Plan 1 – Take and Hold

This strategy relies on you having some durable units that can take the two objectives opposite the narrow deployment zones. This is particularly viable if you can take turn 1 and get a decent board position, especially if the units have 20+ models to make it even harder for your opponent to claim them.Plaguebearers, Skeleton Warriors, Dryads and Savage Orruk units are especially good at this. Be aware of the double turn; if you lose an objective, your opponent could score 2 points before you can react, so you need to hold those objectives as long as you reasonably can.

Having a strike force to move and reclaim a lost objective, or to swoop in and deny your opponent an objective, is a real asset here. Be ready to respond to the counter-attack from your opponent, and you need to be wary of leaving your home objective vulnerable to special deployment units.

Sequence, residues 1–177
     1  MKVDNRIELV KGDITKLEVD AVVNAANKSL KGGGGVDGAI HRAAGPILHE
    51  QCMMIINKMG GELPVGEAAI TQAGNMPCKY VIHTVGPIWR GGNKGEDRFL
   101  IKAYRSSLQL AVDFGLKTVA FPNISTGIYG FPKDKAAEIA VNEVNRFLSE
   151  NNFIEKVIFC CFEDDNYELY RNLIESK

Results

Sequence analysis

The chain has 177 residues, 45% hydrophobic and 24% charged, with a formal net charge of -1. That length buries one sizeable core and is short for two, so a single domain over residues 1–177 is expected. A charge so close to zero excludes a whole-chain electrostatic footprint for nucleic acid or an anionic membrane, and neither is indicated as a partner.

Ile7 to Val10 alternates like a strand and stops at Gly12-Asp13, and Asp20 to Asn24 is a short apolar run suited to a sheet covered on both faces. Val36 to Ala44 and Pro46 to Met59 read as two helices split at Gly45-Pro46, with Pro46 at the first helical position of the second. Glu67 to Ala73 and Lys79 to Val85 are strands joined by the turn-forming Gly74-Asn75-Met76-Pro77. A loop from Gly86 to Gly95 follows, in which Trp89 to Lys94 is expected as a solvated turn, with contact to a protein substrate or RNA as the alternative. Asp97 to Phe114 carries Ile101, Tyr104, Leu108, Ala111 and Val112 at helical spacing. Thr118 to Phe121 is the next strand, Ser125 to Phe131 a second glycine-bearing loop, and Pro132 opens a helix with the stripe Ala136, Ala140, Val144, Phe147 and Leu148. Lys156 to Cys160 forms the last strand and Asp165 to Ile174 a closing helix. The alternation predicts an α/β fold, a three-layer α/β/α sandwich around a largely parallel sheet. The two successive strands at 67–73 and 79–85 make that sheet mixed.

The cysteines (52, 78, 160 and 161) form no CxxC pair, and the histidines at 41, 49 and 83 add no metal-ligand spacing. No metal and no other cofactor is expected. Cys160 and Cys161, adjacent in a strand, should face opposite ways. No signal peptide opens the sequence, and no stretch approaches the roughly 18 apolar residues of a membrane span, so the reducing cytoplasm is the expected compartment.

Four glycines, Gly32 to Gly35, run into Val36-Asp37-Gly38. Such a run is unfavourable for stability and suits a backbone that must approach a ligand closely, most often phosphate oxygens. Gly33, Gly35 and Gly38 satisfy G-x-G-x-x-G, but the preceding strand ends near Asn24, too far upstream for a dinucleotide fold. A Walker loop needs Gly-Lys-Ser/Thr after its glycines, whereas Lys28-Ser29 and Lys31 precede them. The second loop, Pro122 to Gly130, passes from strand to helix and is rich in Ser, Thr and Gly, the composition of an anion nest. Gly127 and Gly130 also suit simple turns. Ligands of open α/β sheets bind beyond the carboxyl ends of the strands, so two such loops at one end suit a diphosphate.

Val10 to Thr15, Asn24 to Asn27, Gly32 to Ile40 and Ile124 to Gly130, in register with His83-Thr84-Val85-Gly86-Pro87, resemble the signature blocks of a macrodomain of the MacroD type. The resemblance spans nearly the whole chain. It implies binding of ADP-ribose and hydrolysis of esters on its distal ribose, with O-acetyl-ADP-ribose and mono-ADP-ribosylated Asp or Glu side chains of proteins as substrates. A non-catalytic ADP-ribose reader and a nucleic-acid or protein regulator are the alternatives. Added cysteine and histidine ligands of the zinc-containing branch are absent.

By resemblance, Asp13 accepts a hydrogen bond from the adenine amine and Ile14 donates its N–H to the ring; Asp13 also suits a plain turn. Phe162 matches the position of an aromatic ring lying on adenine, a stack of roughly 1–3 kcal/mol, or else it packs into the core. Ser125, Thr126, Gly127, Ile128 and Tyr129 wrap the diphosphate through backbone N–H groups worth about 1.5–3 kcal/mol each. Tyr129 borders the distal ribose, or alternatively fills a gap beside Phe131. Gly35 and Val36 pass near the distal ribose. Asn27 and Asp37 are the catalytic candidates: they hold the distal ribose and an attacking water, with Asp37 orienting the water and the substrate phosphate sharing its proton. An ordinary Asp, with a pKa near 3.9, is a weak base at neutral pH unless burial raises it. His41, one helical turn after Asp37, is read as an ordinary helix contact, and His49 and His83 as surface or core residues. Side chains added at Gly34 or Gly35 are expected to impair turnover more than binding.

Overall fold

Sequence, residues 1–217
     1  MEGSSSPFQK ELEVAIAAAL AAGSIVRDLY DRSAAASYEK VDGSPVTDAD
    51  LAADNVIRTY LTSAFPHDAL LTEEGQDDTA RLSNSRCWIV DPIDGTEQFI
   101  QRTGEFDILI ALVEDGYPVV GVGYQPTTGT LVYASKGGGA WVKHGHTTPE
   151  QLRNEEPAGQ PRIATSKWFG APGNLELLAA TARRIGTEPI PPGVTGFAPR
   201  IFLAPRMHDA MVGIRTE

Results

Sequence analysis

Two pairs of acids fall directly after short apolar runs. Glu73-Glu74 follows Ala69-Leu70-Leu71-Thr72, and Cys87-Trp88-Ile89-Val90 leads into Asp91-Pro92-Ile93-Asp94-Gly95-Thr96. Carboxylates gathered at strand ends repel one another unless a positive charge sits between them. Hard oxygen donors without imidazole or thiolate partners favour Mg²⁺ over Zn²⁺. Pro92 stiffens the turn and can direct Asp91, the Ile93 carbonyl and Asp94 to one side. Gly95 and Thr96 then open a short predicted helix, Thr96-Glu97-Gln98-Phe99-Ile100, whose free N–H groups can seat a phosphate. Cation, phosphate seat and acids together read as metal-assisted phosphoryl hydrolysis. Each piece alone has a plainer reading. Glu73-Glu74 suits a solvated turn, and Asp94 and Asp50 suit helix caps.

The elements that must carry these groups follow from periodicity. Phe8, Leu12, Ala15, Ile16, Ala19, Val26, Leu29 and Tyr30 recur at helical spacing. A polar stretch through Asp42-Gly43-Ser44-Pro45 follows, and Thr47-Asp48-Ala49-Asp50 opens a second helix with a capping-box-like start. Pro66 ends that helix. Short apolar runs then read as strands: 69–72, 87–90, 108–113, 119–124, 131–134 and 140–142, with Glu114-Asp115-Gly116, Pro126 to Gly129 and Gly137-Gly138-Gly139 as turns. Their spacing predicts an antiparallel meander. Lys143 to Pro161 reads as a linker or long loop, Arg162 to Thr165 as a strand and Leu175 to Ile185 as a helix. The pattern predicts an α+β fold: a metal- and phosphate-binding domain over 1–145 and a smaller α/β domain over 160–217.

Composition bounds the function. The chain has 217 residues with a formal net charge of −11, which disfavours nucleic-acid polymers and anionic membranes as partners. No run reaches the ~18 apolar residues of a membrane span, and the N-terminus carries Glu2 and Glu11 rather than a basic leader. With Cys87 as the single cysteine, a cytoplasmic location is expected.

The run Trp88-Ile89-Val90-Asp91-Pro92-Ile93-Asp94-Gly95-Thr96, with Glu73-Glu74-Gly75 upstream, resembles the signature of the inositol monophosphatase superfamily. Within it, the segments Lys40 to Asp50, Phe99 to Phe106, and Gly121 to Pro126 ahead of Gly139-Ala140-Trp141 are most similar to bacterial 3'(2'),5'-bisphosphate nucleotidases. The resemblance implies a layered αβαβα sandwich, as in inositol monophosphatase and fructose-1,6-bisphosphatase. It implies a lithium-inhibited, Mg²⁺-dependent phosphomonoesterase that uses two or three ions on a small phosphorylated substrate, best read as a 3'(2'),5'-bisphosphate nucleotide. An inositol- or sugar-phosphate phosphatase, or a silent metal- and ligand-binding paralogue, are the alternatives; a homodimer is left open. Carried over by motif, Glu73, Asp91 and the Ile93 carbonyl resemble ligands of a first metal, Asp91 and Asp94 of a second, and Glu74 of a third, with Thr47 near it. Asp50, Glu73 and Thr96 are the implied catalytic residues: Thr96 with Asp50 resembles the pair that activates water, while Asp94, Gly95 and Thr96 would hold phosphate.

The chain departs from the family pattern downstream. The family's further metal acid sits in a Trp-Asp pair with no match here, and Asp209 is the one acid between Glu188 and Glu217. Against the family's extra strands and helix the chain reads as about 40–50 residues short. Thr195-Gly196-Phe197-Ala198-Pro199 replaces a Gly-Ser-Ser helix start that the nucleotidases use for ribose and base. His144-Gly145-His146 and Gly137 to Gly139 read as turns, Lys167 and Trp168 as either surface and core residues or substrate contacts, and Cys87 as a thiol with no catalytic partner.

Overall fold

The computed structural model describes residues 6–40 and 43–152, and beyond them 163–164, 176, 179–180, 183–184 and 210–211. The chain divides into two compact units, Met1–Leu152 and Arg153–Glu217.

Plan 2 – The Anvil and Sweeping Hammer

This strategy relies on using a swift, aggressive force (the hammer) to sweep around the table in an arc while holding the opposite objective with a tough unit or two (the anvil). You will want a fast-moving force that can dish out a lot of damage (particularly against infantry units) as your hammer. Units such as aLord-Celestant on a Stardrake backed by Fulminators or a Vampire Lord on a Zombie Dragon backed up by Blood Knights are great in this role.

You need to take control of an objective and then rapidly push to the next one. While they remain under your control, it can be quite risky to leave them unprotected, so it can be worth leaving behind a cheap Battleline unit like Liberators or Dire Wolves. This strategy works best if your opponent has spread their forces thin, or has slow units that cannot react to the sudden attack. By deploying equidistant from the two objectives you plan to attack, you can keep your options open.

Plan 3 – Trade to Win